Village Voice Media executive editor Mike Lacey and chairman/CEO Jim Larkin received the honor at the AZ ACLU's annual Bill of Rights dinner this weekend. They were being honored for publishing the county's illegal grand jury subpoenas against the Phoenix New Times and its readers last fall, for which the pair was ultimately arrested. But in presenting the award to the New Times founders, AZ ACLU past president John Hay explained that the well-publicized dust-up was only the tip of the iceberg. "The excuse we're using is what happened this fall when they faced down the Sheriff and the County Attorney. But they have in fact been defending civil liberties now for at least 38 years," Hay said. "So it is my pleasure to present these awards, which I think are slightly wrong. This says Civil Libertarian of the Year. I present these awards to Michael Lacey and Jim Larkin for being Civil Libertarians of the past four decades."

Continue ReadingArizona ACLU Names VVM Execs ‘Civil Libertarians of the Year’

Miami New Times' Isaiah Thompson was awarded a IRE certificate in the local circulation weeklies category for his stories on how residency restrictions forced sex offenders to live under a Miami bridge. In the same category, the AAN-commissioned "Who Killed Brad Will?" was a finalist, along with Peter Byrne's series on Sen. Dianne Feinstein in the North Bay Bohemian and Wayne Barrett's reporting on Rudy Giuliani in the Village Voice. The Texas Observer's reporting on sexual abuse at a state-run youth prison and the cover-up that followed it was also a finalist, in the Magazine/specialty publication category. The Chauncey Bailey Project, which the San Francisco Bay Guardian took part in, was awarded this year's Tom Renner Award, which honors "outstanding reporting covering organized crime or other criminal acts."

Continue ReadingAlt-Weekly Projects Win IRE Awards

On the heels of the presidential candidate's "testy exchange" with a New York Times reporter last week, Politico talks to some Arizona journalists who describe "a sometimes pugnacious politician whose media strategy is a far cry from joking asides and backslaps around the barbecue pit." Former Arizona Republic national editor Tina May, who now edits the Monterey County Weekly, recalls a Republic story on McCain's temper in 2006 that led to her reporter being kicked "off the bus." She tells Politico it's "a perfect example of how McCain people treated the Republic differently than the national media," which has, in exchange, often flattered the Republican senator. Politico says that Phoenix New Times' Amy Silverman -- "one of McCain's most persistent critics" -- documented the romance between McCain and the national press in 1997's "prescient" story, "The Pampered Politican."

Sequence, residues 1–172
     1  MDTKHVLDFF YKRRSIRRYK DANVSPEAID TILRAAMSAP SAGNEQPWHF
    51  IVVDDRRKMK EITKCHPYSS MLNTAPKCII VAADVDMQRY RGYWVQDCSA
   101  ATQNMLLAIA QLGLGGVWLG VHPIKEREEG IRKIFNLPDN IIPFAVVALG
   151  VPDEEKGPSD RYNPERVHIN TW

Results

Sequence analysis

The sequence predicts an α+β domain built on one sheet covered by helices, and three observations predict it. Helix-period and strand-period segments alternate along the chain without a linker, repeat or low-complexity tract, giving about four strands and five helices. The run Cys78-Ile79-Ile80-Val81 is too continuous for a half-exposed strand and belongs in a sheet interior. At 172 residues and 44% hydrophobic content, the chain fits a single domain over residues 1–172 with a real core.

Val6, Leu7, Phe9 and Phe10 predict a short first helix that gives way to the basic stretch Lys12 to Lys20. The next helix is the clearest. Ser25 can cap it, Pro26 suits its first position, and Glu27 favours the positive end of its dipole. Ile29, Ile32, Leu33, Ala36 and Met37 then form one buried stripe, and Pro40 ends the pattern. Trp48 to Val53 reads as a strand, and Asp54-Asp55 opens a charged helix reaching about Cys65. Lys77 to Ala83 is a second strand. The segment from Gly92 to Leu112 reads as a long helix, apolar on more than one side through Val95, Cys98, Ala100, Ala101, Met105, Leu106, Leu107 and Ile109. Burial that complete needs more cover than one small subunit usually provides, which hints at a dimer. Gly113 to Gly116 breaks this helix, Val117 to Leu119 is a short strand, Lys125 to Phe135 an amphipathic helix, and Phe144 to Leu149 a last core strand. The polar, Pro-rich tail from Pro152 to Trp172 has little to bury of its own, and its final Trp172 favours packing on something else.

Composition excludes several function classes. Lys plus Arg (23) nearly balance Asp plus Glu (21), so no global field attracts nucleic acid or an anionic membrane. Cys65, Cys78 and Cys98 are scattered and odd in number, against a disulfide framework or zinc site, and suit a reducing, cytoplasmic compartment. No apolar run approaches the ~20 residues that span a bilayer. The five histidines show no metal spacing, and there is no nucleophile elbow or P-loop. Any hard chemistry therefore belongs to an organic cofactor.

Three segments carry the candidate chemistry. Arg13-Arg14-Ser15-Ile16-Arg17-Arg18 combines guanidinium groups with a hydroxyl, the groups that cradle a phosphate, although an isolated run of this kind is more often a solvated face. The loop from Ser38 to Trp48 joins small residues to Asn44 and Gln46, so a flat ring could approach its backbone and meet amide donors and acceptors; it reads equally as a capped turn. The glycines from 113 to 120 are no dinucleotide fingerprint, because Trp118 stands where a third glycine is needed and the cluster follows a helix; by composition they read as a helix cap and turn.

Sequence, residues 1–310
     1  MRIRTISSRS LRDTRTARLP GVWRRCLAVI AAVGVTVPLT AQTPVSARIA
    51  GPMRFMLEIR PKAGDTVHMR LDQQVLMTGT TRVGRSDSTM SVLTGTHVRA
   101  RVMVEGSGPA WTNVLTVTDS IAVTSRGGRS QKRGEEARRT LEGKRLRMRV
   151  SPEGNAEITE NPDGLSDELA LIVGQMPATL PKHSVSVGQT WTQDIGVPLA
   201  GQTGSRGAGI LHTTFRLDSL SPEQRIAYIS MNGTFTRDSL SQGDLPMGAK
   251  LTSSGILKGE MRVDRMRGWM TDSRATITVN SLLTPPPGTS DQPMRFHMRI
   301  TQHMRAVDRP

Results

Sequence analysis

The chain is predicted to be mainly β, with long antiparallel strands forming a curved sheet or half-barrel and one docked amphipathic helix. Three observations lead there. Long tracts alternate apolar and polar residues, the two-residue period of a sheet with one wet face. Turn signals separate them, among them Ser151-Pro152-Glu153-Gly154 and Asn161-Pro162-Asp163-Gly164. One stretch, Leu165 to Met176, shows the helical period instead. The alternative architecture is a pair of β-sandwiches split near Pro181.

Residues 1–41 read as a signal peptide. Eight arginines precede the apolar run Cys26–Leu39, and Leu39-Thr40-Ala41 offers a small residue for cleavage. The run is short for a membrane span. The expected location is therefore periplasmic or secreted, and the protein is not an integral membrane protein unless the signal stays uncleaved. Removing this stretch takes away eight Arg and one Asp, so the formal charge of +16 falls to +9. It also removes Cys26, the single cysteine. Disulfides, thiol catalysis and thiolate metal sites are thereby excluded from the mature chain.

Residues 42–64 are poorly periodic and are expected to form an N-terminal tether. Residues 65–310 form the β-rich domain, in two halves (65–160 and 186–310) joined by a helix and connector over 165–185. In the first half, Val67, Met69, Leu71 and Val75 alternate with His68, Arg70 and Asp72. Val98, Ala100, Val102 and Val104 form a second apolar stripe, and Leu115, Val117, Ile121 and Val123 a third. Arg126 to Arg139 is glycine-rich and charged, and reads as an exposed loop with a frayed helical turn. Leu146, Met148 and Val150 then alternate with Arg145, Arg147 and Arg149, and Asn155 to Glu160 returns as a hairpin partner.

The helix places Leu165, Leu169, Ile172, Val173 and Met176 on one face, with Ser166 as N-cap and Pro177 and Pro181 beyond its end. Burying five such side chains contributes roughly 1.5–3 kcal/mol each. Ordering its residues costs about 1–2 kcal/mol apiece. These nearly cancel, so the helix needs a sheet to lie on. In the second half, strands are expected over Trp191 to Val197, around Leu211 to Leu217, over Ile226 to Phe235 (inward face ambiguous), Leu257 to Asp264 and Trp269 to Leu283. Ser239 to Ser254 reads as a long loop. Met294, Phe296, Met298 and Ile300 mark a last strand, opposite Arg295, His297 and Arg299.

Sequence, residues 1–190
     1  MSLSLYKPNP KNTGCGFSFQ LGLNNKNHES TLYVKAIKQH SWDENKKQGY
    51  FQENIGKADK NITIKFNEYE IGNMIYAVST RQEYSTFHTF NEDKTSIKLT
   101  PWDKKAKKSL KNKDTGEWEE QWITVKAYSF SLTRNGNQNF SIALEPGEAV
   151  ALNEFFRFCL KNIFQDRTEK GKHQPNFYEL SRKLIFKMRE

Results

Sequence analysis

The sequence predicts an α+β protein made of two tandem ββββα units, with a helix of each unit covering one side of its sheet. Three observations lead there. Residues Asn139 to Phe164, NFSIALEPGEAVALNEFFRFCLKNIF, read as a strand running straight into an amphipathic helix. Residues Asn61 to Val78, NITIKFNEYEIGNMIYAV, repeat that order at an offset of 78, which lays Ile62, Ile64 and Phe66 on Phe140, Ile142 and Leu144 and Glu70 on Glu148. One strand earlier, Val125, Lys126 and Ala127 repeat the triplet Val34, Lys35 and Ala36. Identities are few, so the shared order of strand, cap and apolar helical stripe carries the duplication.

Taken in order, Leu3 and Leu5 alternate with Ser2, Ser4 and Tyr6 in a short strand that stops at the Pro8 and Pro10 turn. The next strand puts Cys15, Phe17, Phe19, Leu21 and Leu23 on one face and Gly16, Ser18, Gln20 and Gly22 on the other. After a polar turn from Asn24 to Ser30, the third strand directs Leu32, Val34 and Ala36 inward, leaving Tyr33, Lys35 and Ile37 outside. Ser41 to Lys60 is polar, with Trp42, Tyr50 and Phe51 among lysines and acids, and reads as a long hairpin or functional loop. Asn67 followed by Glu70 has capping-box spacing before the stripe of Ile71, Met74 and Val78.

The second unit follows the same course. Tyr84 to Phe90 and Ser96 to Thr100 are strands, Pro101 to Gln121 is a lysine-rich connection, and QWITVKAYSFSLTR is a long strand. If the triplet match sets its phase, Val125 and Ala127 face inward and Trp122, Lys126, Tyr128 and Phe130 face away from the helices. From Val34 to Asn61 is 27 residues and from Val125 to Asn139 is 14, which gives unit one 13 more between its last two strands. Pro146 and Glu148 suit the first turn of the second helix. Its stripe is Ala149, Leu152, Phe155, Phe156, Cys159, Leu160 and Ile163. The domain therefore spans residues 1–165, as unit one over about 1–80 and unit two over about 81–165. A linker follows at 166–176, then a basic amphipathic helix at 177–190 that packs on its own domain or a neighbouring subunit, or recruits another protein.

Continue ReadingAlt-Weekly Editors on John McCain’s Relationship with the Press

The paper was a finalist in the "Distinguished Service to the First Amendment" category for revealing that New Times was the target of a grand jury probe, a dust-up that resulted in the paper's founders being arrested. But despite the national honors and publicity surrounding the case, Maricopa County Sheriff Joe Arpaio claims to still not know about the paper. "Is that a porno magazine?" Arpaio says in an interview with NPR, "feigning ignorance" upon reference of the publication's name. "You're talking about the weekly paper they have to give away free?" New Times founder Michael Lacey also talks to NPR about Arpaio, explaining the conditions that led to his being arrested. "What made them think they could get away with it is they've been gradually getting away with it for years here," Lacey says. "You begin with prisoners. Then you move on to Mexicans. Then you move on to editors and reporters."

Continue ReadingPhoenix New Times Recognized in Scripps Howard Journalism Awards